An Investment Bank is a financial institution that deals with raising capital, trading in securities and managing corporate mergers and acquisitions. Investment banks profit from companies and governments by raising money through issuing and selling securities in the capital markets and insuring, as well as providing advice on transactions such as mergers and acquisitions. A majority of investment banks offer advisory services for mergers, acquisitions or other financial services, such as the trading of derivatives, fixed income, foreign exchange, commodity, and equity securities.
A customer can connect to a bank through the following channels:
- Branch - Provides face-to-face customer service at a branch bank.
- ATM - A computerized interface for the customer that provides a wide range of services.
- Mail - Used to receive written requests from the customer and to send periodic account statements and information to the customer.
- Phone - Customer uses this system to perform transactions over the phone.
- Online - Customer can use this system to perform banking transactions on a secure website.
How does a bank work?
Lets assume that you deposited $1000 in your bank and the bank would pay an annual interest of 10% on the deposited amount. If you keep this money with the bank for an year, the bank would have to pay $100 extra to you. This means after one year you would earn $100. The total amount of deposit after one year would be $1100. If the bank has to pay $100 extra, where would the bank get this amount from? Would the bank not go bankrupt if it does this for everyone? The way it works is….
The bank keeps a part of this amount as reserve and uses the remaining money for an year and hence earns interest on lending it to other customers. If the bank puts aside a 10% as reserve, the bank would have $900 available to lend to some other customer. The bank would earn $180 annually, if it lends the $900 to another customer at a rate of 20%. The bank would have to pay $100 to you on the deposited amount when it earned $180 by lending your deposited amount. The total profit that the bank earns is $80. This way the bank ends up earning billions of money from thousands of customer.
The deposits can be classified as:
Demand Deposits - An account from which deposited funds can be withdrawn at any time without any notice to the depository institution. This account allows you to ‘demand’ your money at any time. Most checking and savings accounts are demand deposits, accessible by the account holder at any time.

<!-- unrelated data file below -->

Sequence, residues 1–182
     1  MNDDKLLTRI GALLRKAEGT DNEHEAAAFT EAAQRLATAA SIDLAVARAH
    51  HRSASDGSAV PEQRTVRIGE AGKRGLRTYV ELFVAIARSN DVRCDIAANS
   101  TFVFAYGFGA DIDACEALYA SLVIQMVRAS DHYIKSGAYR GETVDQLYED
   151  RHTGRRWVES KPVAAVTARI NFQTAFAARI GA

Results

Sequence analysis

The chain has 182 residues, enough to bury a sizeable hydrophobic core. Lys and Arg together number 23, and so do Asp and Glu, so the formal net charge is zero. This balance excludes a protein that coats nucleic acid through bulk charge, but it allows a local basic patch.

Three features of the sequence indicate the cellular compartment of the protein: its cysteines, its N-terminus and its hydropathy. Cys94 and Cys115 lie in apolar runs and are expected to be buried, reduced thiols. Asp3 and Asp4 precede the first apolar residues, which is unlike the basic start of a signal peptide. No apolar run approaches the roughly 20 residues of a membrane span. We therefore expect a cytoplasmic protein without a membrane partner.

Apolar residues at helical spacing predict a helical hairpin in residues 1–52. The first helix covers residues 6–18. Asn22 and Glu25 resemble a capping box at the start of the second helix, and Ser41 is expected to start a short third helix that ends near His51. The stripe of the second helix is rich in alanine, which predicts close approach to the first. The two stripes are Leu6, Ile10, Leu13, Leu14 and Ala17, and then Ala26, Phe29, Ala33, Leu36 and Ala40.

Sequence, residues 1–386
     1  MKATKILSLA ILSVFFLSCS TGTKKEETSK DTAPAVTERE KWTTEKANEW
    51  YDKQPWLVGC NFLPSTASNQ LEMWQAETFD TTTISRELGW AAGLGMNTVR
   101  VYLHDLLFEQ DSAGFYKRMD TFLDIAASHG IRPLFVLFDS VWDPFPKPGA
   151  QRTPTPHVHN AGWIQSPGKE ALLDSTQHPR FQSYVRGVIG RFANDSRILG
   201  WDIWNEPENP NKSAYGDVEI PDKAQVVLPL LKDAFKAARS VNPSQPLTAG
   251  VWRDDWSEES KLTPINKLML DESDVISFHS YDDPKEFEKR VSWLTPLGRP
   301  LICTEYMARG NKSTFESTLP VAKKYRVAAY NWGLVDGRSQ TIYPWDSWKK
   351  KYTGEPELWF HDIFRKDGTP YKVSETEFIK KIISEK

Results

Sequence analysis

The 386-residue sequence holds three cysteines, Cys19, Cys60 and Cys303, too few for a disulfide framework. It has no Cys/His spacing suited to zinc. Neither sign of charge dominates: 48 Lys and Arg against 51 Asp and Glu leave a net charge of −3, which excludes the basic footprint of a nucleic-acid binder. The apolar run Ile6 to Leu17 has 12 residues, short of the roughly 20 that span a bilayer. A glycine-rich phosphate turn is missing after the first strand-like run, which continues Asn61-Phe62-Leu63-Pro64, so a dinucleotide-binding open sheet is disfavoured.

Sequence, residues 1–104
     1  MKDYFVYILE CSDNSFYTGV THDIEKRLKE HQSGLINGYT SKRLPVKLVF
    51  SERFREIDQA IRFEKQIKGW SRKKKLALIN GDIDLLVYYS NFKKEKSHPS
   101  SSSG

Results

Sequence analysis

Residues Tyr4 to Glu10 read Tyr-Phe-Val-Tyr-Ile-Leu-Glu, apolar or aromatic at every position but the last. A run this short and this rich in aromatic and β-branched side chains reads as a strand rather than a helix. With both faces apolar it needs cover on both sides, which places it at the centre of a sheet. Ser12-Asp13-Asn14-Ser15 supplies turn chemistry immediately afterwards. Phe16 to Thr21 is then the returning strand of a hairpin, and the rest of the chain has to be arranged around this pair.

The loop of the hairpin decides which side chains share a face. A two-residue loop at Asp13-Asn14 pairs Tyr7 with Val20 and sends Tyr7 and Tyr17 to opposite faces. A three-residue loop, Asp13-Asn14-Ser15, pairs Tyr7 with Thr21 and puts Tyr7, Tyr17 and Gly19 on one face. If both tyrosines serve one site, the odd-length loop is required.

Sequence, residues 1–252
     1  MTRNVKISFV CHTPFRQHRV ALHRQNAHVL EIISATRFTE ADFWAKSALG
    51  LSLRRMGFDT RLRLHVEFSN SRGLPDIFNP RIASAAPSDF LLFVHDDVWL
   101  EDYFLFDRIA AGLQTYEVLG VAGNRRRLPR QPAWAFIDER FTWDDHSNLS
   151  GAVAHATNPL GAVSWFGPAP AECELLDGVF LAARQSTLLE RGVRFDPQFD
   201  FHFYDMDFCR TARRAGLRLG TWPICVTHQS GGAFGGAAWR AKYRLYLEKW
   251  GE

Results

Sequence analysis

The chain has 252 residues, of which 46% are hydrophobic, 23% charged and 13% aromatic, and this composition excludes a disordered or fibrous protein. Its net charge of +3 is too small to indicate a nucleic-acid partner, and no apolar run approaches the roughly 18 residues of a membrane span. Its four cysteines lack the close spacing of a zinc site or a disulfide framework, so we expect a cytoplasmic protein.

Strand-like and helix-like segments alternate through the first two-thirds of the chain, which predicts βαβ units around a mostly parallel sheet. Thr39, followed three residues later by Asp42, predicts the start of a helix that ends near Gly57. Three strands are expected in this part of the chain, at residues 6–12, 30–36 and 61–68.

Time Deposits - Money deposited at a banking institution that cannot be withdrawn for a certain ‘term’ or period of time. When the term is over, it can be withdrawn or it can be held for another term. The longer the term the better the yield on the money. A certificate of deposit is a time-deposit product.
Savings accounts are accounts maintained by financial institutions that pay interest but can not be used directly as money. These accounts let customers set aside a portion of their liquid assets and earn a monetary return.
Checking accounts are accounts provided by financial institutions which allows customers to deposit money and withdraw funds from a federally-protected account. The account holder gets official checks which contain all of the essential routing and mailing information.
Money market deposit accounts Money market deposit accounts offer many of the same services as checking accounts although transactions are somewhat limited. These accounts are usually managed by banks or brokerages, and can be a convenient place to store money that is to be used for upcoming investments or has been received from the sale of recent investments.
Certificates of Deposits are similar to savings accounts in that they are insured and thus virtually risk-free. They are different from savings accounts in that the CD has a specific term (three months, six months, or one to five years), and a fixed interest rate.
IRAs are type of accounts that require one to keep the money in the bank until one reaches a certain age.
Federal deposit Insurance Corporation
The FDIC is an independent agency of the federal government created in 1933 in response to the thousands of bank failures that occurred in the 1920's and early 1930's. The FDIC preserves public confidence in the U.S. financial system by insuring deposits in banks and thrifts. The FDIC insures deposits only. It does not insure securities, mutual funds or similar types of investments that banks and thrifts offer. It does not insure funds in any institutions that do not fit the definition of a bank or thrift. Financial institutions such as brokerage firms or investment banks do not meet the statutory definition of a bank or thrift.
The FDIC is funded by premiums that banks and thrifts pay for deposit insurance coverage and from earnings on investments in U.S. Treasury securities. Savings, checking and other deposit accounts, when combined, are generally insured to $100,000 per depositor in each bank or thrift the FDIC insures.
What is a ‘Check’?
A check is a negotiable instrument instructing a financial institution to pay a specific amount of a specific currency from a specified demand account held in the maker/depositor's name with that institution. Both the maker and payee may be natural persons or legal entities.
A loan is a type of debt. The borrower initially receives an amount of money from the bank, to be paid back, in regular installments, to the bank. The bank generally charges the borrower a fee, referred to as interest on the debt, for the privilege of using the money.
Types of Loans: